French Horn Lane cycle path; is it safe? The WGC town centre scheme and a ride to Wheathampstead. (July News)

By | 29th June 2018

July ride UPDATED: Wheathampstead Village Day, Sunday 8th (not 15th) July 2018 11:00 am – 5:00 pm

Come with us for an easy ride along the Ayot Greenway to Wheathampstead Village Day. Apart from a short section on road through Ayot Green, the ride is entirely on traffic free tracks, so is very suitable for children. At the Village Day there are lots of stalls to visit, a full programme of entertainment to watch in the arena, a fun fair and of course the carnival procession. 

We will be departing Campus West Car Park as usual at 11:00, which should give us plenty of time to get to Wheathampstead, have a bite to eat and watch the Carnival at 13:00. We will probably leave Wheathampstead around 15:30, but you can stay and enjoy the event as long as you wish.

The ride to Wheathampstead is only around 5 miles and the route is mainly along the formation of the old Luton railway. (There are a few short hills, but nothing too challenging. And you can walk these if you wish). 

Don’t forget to bring a lock for your bike.

Welwyn Garden City town centre pedestrianisation (and cycling) scheme

https://www.hertfordshire.gov.uk/About-the-council/Consultations/Transport-and-highways/WGC-Consultation.aspx

If you visited the town centre during the trial on your bike, do please tell us what you think.  You can also still comment on the scheme by following the link above.

The trial undersold the benefits of the planned north bound cycle lane along Fretherne Road and Stonehills, which we think will be useful, if there’s a way out to the north over Hunters Bridge or past WHBC HQ and Oaklands College.  Joining these key locations to the station and the town centre has to be a good idea for WGC residents, don’t you think?  We’ll keep campaigning, especially given the news from London below.

 

Mini-Hollands in London a success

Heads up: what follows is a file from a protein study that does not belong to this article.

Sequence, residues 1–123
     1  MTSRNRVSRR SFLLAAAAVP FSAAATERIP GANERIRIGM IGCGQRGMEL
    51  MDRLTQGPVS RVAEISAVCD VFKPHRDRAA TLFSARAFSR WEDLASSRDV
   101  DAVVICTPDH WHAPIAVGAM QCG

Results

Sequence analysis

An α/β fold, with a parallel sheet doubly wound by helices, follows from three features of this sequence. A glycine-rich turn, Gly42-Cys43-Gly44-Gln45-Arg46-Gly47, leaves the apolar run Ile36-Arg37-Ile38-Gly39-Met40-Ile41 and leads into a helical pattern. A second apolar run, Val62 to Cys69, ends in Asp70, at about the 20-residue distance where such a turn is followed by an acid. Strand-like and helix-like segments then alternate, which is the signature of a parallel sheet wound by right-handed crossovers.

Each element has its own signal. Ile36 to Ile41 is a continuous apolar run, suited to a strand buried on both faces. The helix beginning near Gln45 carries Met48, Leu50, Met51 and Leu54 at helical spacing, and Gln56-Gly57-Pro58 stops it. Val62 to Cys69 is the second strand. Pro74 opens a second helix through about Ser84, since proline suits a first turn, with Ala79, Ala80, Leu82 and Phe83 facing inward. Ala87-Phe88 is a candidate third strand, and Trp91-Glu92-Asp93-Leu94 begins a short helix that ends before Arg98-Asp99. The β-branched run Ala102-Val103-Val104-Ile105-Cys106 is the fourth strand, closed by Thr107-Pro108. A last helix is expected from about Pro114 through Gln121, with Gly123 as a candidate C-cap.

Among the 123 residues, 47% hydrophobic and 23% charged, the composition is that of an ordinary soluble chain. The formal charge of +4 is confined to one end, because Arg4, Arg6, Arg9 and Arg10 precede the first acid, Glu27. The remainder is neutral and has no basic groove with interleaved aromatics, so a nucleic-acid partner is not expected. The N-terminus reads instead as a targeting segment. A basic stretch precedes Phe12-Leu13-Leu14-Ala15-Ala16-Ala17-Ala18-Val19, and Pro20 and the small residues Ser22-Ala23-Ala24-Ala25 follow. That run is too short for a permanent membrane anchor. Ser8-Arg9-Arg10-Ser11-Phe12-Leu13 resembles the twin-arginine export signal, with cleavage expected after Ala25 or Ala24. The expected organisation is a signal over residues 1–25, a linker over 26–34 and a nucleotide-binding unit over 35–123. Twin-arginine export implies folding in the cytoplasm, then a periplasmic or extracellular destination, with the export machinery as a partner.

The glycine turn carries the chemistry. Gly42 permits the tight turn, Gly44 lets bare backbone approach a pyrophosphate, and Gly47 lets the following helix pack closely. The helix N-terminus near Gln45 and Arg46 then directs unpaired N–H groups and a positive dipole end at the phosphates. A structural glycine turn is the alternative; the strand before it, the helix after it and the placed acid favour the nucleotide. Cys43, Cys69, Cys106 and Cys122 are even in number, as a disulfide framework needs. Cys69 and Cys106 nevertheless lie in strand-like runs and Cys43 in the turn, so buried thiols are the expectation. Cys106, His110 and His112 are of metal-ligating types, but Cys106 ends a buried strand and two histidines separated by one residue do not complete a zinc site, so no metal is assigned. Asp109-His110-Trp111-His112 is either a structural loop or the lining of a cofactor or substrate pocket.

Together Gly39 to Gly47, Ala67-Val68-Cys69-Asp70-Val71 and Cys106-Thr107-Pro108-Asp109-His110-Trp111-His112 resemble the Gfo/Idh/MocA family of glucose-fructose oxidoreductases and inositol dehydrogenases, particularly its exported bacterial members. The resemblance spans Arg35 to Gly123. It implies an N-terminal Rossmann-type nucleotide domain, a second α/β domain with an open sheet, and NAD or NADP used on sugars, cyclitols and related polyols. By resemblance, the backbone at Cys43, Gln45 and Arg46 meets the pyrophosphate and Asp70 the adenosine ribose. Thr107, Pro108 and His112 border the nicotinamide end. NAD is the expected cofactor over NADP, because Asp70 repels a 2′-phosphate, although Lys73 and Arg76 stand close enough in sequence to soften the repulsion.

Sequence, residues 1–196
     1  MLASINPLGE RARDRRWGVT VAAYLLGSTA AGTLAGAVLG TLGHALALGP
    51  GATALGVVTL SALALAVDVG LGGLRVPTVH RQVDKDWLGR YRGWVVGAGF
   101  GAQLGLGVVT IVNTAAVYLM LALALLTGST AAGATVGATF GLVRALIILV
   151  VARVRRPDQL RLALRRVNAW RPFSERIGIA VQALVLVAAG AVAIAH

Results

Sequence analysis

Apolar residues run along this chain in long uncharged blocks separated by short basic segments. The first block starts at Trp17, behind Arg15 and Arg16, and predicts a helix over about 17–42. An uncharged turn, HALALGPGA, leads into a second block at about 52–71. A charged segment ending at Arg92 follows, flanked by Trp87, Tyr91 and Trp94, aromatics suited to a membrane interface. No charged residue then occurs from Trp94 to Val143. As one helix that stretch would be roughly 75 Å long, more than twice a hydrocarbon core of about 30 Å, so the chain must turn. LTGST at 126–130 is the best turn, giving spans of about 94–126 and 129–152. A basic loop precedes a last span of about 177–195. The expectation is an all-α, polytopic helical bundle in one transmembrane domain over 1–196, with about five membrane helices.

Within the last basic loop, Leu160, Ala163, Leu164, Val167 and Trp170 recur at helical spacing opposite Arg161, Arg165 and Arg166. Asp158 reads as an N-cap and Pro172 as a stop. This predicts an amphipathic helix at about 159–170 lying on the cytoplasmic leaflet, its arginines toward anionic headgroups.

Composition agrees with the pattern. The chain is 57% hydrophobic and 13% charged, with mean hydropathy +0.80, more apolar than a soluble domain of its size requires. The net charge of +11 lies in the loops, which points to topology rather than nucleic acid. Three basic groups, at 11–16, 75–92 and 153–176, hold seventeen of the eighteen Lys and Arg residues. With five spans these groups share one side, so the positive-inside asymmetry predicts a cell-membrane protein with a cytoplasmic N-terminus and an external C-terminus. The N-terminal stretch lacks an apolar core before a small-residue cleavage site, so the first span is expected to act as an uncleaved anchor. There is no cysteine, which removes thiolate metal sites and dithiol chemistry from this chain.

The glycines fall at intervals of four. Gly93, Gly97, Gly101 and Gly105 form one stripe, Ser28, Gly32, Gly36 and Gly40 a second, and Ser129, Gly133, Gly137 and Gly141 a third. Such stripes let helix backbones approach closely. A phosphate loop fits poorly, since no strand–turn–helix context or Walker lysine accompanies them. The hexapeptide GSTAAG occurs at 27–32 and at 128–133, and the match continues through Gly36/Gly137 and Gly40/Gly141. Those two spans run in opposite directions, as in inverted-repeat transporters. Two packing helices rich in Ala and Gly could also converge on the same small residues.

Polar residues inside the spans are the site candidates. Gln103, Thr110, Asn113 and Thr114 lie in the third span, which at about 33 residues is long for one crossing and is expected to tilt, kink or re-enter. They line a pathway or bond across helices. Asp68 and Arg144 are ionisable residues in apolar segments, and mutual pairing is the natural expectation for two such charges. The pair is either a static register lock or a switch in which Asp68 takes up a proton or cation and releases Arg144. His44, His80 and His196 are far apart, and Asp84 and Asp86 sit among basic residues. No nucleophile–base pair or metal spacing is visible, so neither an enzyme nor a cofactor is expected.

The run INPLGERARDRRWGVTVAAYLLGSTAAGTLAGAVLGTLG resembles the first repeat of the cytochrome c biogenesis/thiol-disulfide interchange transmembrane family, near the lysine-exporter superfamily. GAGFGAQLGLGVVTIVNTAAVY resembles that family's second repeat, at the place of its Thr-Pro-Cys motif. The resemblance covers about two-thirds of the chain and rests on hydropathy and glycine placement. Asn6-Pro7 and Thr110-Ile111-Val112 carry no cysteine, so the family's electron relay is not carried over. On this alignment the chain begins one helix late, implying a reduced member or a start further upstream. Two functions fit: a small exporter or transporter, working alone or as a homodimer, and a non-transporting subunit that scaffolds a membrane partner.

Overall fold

http://www.cyclist.co.uk/news/4945/london-mini-holland-schemes-a-success-report-finds

Evidence from the University of Westminster shows the mini-Holland schemes in Kingston, Waltham Forest and Enfield “are having a measurable and early impact on active travel behaviour and perceptions of the local cycling environment.”  Unsurprisingly, people are walking and cycling more in the areas where work has been done to provide safe walking and cycling routes and reduce traffic.   The full paper is here at https://doi.org/10.1016/j.tra.2018.05.018 (please ask me if you cannot access it)

 

A question for county councillors:  When is a cycle path no longer safe?

French Horn Lane hedge

French Horn Lane in Hatfield has a 3 metre width shared use pavement for pedestrians and cyclists heading to and from the railway station.  Walking and cycling to the station is the way the majority of people access it according to the 2017 station travel plan.  It’s also a walking route to Onslow School.  This pavement is now no more than 1.5m wide at the west (town centre) end and at its narrowest, where vegetation sticks out, a mere 80 cm (measured on 28.6.18 at 08:15).

 

The path is used in both directions particularly in the morning rush hour by pedestrians and cyclists who have to pass in this narrow gap.  Yet Hertfordshire tell me this is safe (reference 201013652653) and it will be “added to future works”.   It would be great to know when these works will actually happen.

 

One of our members tells us she now cycles in the road to avoid this cycle path, putting herself at risk and delaying traffic on French Horn Lane.  I’d like to be able to tell her when she can get back on the safe cycle route.  Please can a county councillor tell me what the criteria are for judging safety of an obstructed pavement and how narrow a cycle path has to be before action has to be taken?  And how does this compare with standards for roads?

Enjoy cycling (where you can)!

Adam Edwards

Chair  – WelHatCycling

 

chair@welhatcycling.org.uk

Category: Uncategorised

About Adam Edwards

Adam Edwards is the current chair of WelHatCycling. As a parent of two what matters most to him is utility cycling: getting to school, work, the shops, etc. He is particularly keen on group rides which involve cake. With his son Freddy, he's ridden all the way from Hatfield to Edinburgh on a tandem.